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The Art Of Letting Go By Richard Rohr

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I am listening to this audio book by Richard Rohr, who is a Franciscan Priest and I would call him a mystic, from the same cloth as Father Thomas Keating.


I have only listened to three discs of six, but enjoying this book very much.


Some highlights:


-Authentic spirituality is about letting go.


-Jesus went towards the pain in the world, not the sin.


-Spiritual life is based on "Being", not attaining or simply believing.


-God is a Holy Mystery.


-Spiritual life is about transformation - living from your True Self, not from the ego.


This book is based on the life of St. Francis and his beliefs, but Rohr also quotes from many progressives like Ken Wilbur and Thomas Merton.


Highly recommend it, so far. I'll have more to add, as I progress in the book.


Has anyone read this one?

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I haven’t read that book, but did read Rohr's most recent one, Falling Upward, comparing spirituality in the first and second halves of life. I commented on it in the Evolutionary Christianity thread---one thing he emphasizes is that matter and spirit are one, sacred and profane are not separate. A couple other ideas, quoting from his book –


“The closer you get to the Light, the more of your shadow self you see. Thus truly holy people are always humble. I learned this from St. Francis, who did not concentrate on attacking evil or others but just spent his life falling many times into the good, the true, and the beautiful….God is found in the fathoming of our fallings and failures. If we go to the depths of anything we will begin to knock upon something substantial, real, with a timeless quality to it. Once you touch upon the Real, there is an inner insistence that it has to be forever.


Authentic God experience always ‘burns,’ yet does not destroy you, just as the burning bush did to Moses. In the first half of our lives we have no container, no wineskins prepared to hold such utterly intoxicating wine. By definition, authentic God experience is always ‘too much.’ Early stage religion is largely preparing you for the immense gift of this burning, this inner experience of God, as though creating a stable into which the Christ can be born.”

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Guest billmc



I haven't read Richard's book either, but I've listened to a number of his podcasts and interviews. I would love to do a retreat with him.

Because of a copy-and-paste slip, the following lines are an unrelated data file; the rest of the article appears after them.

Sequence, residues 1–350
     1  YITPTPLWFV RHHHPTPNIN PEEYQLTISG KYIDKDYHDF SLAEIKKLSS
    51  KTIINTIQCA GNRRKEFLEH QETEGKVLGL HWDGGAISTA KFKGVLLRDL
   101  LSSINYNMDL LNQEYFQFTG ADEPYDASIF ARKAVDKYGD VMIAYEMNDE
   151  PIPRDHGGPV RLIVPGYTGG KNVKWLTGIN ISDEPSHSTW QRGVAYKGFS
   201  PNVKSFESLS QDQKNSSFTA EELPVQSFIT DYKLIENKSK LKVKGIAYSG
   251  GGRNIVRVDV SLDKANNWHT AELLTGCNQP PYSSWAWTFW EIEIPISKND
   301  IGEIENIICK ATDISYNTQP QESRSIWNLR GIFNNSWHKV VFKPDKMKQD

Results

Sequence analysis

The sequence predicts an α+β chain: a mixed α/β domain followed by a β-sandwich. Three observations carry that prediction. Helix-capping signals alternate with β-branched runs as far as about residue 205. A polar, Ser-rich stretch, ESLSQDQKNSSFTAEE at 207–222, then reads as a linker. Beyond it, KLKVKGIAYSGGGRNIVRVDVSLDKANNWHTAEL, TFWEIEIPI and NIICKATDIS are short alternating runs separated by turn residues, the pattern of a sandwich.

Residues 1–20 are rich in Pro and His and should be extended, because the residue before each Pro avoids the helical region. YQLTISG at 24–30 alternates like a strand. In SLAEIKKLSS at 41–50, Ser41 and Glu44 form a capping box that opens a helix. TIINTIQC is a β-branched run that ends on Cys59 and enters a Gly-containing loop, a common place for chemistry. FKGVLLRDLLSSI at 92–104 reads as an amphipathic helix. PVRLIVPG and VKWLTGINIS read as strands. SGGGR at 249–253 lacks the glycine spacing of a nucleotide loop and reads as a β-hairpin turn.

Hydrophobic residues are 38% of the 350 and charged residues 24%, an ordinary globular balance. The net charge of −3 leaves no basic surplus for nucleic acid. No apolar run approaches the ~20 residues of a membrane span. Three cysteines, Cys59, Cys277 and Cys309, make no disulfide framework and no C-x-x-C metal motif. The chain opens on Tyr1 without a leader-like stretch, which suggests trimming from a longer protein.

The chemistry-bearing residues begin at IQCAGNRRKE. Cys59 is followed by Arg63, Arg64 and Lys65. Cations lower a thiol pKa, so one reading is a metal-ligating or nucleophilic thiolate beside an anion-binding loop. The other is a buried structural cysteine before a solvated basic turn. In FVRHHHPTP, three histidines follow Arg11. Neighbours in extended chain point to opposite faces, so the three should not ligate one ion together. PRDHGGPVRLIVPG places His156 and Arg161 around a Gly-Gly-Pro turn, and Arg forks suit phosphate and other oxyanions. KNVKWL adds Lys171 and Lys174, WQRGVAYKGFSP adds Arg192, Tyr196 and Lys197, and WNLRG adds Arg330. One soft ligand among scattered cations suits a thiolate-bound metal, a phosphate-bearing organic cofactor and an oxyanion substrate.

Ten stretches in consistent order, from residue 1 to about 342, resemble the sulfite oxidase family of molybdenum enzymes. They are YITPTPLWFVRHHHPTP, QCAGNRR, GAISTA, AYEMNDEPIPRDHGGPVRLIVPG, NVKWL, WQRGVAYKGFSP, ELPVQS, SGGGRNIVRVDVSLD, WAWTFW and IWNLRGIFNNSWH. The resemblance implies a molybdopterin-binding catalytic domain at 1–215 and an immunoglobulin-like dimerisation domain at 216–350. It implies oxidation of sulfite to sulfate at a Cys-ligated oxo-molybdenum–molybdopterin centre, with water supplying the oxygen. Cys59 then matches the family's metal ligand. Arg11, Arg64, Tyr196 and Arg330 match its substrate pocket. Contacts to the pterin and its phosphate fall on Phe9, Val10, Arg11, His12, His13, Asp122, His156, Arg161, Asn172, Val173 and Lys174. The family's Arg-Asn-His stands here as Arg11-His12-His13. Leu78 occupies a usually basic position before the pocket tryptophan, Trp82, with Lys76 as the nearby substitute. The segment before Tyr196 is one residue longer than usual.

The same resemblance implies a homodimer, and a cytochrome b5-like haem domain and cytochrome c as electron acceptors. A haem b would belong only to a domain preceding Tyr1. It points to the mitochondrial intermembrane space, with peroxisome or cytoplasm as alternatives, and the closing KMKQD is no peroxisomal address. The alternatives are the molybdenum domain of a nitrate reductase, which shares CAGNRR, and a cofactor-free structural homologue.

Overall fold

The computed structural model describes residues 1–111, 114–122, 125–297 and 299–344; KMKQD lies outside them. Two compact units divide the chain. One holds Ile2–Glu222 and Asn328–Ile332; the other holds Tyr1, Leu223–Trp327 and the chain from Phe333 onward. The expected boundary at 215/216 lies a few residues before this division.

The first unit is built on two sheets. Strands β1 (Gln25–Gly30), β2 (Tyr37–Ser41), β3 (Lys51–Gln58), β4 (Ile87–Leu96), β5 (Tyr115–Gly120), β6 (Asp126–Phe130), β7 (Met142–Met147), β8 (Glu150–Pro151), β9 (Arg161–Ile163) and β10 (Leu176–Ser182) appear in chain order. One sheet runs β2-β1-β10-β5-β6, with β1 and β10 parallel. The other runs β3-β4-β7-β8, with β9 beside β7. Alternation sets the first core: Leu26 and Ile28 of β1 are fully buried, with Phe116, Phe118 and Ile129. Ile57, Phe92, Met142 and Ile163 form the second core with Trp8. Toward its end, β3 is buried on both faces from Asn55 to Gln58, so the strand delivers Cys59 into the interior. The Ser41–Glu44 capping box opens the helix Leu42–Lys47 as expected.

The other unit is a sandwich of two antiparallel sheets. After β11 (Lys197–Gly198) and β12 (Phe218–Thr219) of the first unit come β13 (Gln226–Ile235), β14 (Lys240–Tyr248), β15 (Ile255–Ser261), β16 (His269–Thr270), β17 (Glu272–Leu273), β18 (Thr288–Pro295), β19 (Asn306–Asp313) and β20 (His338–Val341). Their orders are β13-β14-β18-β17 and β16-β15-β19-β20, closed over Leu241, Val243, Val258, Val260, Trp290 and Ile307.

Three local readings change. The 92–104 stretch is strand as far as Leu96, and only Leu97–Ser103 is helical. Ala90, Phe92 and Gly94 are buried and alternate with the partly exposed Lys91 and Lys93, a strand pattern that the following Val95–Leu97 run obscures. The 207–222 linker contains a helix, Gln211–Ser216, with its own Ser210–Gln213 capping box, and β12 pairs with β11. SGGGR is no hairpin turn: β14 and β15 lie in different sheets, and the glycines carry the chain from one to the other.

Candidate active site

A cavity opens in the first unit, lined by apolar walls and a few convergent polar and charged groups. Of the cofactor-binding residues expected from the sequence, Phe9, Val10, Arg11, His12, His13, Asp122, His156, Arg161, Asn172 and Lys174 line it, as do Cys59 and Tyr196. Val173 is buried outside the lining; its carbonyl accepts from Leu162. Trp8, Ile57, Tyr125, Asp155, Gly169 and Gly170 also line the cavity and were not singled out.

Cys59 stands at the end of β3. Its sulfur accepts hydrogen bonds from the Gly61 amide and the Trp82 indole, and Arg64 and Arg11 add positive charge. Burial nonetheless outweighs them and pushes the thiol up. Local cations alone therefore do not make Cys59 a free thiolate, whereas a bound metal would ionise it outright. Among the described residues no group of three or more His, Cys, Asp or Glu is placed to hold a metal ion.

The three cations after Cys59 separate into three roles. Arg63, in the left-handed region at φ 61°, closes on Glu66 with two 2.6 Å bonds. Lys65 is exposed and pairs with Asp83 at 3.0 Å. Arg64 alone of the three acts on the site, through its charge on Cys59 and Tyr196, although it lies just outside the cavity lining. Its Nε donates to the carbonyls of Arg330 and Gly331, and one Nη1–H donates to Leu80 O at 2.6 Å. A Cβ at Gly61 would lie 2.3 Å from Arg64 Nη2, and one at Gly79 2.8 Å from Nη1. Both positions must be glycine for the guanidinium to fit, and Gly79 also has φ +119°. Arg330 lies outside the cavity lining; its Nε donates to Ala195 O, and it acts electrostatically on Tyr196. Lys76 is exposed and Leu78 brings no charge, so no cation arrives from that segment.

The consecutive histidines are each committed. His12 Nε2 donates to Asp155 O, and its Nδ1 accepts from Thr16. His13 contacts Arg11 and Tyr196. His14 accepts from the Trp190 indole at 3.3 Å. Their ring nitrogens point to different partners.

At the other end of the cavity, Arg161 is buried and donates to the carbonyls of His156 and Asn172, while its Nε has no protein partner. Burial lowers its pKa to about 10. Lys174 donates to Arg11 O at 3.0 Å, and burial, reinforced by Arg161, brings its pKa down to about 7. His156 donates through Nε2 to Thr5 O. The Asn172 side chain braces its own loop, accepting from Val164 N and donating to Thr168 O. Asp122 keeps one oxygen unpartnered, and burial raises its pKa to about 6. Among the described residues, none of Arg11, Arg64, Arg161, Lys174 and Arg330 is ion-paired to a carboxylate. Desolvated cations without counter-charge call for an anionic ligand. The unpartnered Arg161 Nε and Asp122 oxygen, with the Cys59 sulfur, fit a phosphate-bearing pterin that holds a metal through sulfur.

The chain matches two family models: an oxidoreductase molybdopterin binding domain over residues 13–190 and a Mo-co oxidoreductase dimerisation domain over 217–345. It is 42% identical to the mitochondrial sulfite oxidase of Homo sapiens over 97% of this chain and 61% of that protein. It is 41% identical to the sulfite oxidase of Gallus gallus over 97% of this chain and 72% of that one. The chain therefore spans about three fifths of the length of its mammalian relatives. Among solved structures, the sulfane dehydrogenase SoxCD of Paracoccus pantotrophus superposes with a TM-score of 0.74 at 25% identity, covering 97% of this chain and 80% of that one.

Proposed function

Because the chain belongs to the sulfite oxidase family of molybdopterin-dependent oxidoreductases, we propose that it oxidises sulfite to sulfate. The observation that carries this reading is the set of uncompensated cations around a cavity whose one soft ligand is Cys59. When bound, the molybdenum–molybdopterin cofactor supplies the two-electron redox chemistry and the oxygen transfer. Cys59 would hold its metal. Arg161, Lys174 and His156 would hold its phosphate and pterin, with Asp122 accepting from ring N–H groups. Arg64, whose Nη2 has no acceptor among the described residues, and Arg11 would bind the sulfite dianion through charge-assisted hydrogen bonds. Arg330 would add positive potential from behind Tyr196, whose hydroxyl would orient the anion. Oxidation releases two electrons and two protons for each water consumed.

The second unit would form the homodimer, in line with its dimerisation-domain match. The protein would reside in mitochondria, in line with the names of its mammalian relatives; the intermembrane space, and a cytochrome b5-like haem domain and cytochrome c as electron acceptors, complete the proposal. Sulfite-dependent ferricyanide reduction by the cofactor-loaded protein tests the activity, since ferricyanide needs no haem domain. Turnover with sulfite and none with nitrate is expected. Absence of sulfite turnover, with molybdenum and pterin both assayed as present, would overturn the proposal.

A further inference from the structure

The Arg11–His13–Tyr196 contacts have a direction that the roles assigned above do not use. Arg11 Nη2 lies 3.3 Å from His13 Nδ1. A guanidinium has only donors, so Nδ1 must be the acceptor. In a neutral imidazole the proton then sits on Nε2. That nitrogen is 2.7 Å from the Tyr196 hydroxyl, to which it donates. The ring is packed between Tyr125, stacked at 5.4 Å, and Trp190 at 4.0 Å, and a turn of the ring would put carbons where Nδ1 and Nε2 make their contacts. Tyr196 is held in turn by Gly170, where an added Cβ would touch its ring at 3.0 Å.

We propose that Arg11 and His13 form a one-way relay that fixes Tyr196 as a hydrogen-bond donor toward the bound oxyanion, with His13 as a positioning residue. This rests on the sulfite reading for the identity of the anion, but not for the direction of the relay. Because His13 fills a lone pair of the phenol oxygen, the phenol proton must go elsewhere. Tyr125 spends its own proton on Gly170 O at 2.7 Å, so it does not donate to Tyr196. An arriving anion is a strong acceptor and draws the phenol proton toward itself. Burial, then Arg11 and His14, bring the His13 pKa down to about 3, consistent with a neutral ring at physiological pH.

Richard has been helpful to me in my journey in dealing with the "two-headed monster" of dualism. He (and my own experiences of the More) have helped me to see that part of being spiritual is letting go of the constant need to judge and categorize everything and everyone. This is, of course, something that I work on every day because I was raised in very dualistic Christianity. But it is helpful and freeing to me to realize that the two-headed monster is really all in my head. The Oneness of the Sacred is transformative. :)



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Guest billmc

I haven’t read that book, but did read Rohr's most recent one, Falling Upward, comparing spirituality in the first and second halves of life.


I downloaded this one to my Kindle last night and started reading it, Rivanna. I'm enjoying it so far. Richard's writing is very accessible and I enjoy his humor.

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That book does sound good, Rivanna. I will have to see about putting that one on my Kindle.


Thanks for the comments, everyone.


I just finished the 5th CD, where he talks about the nine stages of consciousness. That was interesting.

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There’s another good book by Richard Rohr (also on kindle), Things Hidden: Scripture as Spirituality -- many insights and connections I haven’t seen anywhere else. The mysticism of the Franciscan view is a refreshing progressive approach.


You mentioned levels of consciousness in The Art of Letting Go – he talks about them in this work also--


“In short, I see this pattern in the Bible: we start with tribal thinking; we gradually move toward individuation through the dialogue of chosenness, failure and grace; then there is a breakthrough to unitive consciousness by the few who are led and walk fully through those first two stages (Moses, David, many prophets, Job, Mary, the Magdalene, Jesus, Paul). We could describe it also as 1. simple consciousness, 2. complex consciousness, and 3. non-dual consciousness, or the unitive way.”

Edited by rivanna
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